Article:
TMEV model of MS

Progressive demyelinating disease was induced by intracerebral injection of TMEV into 6- to 8-week old mice. Animals were anesthetized with 1.5% inhalational isoflurane and then injected with 106 plaque-forming units of the Daniel’s strain of TMEV. Control animals underwent intracerebral injection of an equivalent volume of culture medium (DMEM; Mediatech, Manassas, VA). All experiments were approved by the Institutional Animal Care and Use Committee.

Animals and Imaging

Eight TMEV infected SJL mice and 4 controls were followed with MRI until mortality or 12 months post infection. Volume acquisition T1 and T2 weighted sequences were obtained using a Bruker Biospec (7 Tesla; Billerica, MA) horizontal bore small animal MRI system. Inhalational anesthesia (1.5% isoflurane) was used for the imaging procedure and vital parameters were monitored continuously via SA Instruments gating and monitoring system (SAI Inc, Stony Brook, NY). There was no animal loss during imaging. Four mice were lost due to the natural course of this model after the 6 month time point, and one control mouse.

Image analysis was performed using Analyze 10.0 (Mayo Clinic BIR). Total brain and ventricular volume measurements were performed using the coregistration, slice extraction, and semi-automated 3D ROI tools. Spinal cord area measurements were performed using the slice extraction and semi-automated 2D ROI tools. We used lateral ventricle volumes for determination of brain atrophy and cross-sectional area at the C4-5 interspace for determination of spinal cord atrophy. The datasets were analyzed independently by two investigators with excellent intra- and inter-rater agreement.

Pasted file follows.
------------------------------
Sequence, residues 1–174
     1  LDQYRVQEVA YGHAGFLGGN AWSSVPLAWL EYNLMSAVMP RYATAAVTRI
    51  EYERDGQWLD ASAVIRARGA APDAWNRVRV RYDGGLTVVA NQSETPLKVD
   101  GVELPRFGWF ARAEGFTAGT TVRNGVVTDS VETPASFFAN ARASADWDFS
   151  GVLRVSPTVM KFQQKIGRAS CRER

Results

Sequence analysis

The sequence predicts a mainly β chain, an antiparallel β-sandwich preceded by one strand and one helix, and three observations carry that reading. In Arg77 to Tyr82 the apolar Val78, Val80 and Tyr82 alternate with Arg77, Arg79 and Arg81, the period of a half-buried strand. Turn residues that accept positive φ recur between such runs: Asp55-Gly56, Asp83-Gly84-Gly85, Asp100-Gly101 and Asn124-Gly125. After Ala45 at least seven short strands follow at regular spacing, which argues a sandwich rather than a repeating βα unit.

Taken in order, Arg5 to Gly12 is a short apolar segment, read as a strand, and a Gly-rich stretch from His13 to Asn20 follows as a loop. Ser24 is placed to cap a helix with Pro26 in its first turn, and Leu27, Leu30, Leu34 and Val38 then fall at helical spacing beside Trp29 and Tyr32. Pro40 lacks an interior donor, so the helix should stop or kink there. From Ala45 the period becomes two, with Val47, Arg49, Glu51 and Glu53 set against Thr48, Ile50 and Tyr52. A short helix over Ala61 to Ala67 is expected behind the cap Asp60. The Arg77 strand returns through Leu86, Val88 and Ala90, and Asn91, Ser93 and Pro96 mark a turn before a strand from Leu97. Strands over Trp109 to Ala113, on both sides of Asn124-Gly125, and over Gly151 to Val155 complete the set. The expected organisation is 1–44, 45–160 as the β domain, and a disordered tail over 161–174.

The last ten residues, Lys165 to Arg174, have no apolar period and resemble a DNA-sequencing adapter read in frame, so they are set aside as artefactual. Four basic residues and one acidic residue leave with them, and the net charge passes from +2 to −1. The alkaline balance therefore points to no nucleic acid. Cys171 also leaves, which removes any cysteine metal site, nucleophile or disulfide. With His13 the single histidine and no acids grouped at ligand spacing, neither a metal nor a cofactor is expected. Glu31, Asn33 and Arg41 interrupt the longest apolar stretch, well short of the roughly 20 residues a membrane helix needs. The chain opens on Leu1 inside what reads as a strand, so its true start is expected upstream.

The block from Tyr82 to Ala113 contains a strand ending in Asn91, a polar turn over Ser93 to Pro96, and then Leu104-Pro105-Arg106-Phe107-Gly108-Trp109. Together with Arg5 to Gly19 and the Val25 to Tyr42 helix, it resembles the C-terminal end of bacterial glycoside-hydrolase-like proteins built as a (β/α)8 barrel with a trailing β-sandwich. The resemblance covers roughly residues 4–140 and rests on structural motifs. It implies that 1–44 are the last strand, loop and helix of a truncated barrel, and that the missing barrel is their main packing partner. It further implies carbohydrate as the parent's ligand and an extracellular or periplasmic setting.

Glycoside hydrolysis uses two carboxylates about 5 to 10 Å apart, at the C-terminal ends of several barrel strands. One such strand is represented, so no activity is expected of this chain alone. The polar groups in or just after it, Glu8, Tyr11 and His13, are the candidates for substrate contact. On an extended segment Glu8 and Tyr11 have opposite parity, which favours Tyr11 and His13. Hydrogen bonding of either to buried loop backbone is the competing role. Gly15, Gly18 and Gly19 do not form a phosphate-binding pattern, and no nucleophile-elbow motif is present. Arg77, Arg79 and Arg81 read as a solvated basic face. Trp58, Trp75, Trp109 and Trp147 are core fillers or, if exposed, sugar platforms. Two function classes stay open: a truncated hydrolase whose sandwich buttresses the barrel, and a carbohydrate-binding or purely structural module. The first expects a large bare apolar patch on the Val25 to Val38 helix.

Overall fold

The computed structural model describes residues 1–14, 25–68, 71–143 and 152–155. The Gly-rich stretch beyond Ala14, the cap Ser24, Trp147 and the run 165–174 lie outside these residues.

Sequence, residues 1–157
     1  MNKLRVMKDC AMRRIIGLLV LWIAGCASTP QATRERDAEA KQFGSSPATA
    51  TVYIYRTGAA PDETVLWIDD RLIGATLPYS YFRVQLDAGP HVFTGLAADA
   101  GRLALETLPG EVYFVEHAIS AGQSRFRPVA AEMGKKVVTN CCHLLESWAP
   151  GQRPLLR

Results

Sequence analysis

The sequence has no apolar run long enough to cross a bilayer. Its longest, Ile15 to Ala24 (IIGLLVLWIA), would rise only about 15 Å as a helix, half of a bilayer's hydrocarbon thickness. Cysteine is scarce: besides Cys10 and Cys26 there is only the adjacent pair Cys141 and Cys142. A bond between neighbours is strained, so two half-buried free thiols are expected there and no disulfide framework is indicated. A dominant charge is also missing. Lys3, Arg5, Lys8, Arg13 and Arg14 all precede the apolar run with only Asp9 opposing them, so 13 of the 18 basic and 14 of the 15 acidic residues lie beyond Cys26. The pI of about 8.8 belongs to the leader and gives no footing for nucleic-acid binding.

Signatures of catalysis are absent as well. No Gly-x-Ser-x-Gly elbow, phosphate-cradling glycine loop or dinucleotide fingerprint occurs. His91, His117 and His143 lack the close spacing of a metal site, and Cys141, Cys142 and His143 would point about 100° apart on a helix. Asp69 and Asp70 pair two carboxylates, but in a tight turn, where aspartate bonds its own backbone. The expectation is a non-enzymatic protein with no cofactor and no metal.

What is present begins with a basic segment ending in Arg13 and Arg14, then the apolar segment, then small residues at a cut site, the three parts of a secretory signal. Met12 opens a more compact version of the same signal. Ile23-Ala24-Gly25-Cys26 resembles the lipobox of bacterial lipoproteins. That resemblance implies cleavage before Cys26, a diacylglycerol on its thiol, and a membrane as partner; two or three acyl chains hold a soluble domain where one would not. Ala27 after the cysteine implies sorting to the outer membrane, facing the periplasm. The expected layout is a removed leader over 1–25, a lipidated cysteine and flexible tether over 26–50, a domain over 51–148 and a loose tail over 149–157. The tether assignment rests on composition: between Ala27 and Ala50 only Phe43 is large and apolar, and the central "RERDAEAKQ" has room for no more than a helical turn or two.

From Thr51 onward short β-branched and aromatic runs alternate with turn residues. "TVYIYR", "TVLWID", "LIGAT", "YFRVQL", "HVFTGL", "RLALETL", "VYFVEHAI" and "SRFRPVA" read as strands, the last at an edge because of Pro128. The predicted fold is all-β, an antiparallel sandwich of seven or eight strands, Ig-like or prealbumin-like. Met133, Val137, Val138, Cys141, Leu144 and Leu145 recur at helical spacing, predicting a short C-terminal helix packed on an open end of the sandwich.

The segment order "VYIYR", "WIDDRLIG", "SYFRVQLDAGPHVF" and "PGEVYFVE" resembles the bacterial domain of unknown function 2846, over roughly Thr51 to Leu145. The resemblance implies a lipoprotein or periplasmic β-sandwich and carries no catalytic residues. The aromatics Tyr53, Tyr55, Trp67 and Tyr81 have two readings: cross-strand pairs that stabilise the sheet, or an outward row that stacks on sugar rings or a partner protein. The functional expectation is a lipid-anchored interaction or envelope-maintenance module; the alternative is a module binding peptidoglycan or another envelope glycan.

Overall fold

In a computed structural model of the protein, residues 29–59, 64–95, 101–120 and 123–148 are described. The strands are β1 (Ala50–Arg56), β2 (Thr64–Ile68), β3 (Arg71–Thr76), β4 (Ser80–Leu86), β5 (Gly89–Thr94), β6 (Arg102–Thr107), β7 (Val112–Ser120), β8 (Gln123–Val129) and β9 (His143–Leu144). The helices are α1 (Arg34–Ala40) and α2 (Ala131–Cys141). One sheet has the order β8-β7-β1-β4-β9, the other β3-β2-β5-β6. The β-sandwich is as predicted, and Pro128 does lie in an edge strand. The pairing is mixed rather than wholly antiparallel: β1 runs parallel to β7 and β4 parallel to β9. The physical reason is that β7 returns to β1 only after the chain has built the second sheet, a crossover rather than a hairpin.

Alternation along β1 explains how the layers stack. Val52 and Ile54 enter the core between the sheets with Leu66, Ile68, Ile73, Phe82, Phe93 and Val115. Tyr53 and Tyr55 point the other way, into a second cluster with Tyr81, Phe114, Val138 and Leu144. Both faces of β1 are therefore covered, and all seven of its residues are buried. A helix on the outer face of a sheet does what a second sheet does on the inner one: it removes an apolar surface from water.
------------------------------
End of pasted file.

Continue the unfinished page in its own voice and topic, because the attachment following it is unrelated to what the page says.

Disability Assessment

Disability was monitored by periodic rotarod assay. This assay determines the time the animals are able to walk on a constantly accelerating rotating rod, and is a commonly used measure of disability in mice, capturing motor, sensory and coordination/balance-related components.8, 9 Two attempts were given to each animal at each time point, and the better score (the score suggestive of less disability) was used at each time point for data analysis. To minimize effects of motor learning, animals were trained on the rotarod for one month prior to the experiment.

Statistical Analysis

Intergroup differences were analyzed using Student's t-test and correlations were analyzed using Pearson Product Moment Correlation. All analysis was performed in SigmaPlot 11 (Systat software, Chicago, IL).


Significant brain atrophy was present by two months post infection (figure 1). Lateral ventricular volume was increased 32.4% by then (p=0.005) and plateaued at 111.8% by six months post infection (p=0.00003)(figure 2). Significant spinal cord atrophy was present by nine months post infection (figure 1). Spinal cord cross-sectional area was decreased 13.9% (p=0.009) by then with continued decline to 25.6% at twelve months post infection (p=0.001)(figure 2). Significant disability was present by four months post infection (72% lower, p=0.0005) with continued worsening through twelve months (figure 2).

Figure 1
MRI assessed CNS atrophy
Figure 2
Disability and CNS atrophy

Brain atrophy showed a significant and strong negative correlation with functional disability (r=−0.88, p=0.01) throughout the observation period (figure 3). Spinal cord atrophy showed a strong correlation with functional disability trending toward significance (r=0.91, p=0.09) from months six through twelve (figure 3). Brain atrophy from zero through six months showed a strong correlation with spinal cord atrophy from six through twelve months (figure 3), also trending toward significance (r=−0.92, p=0.07).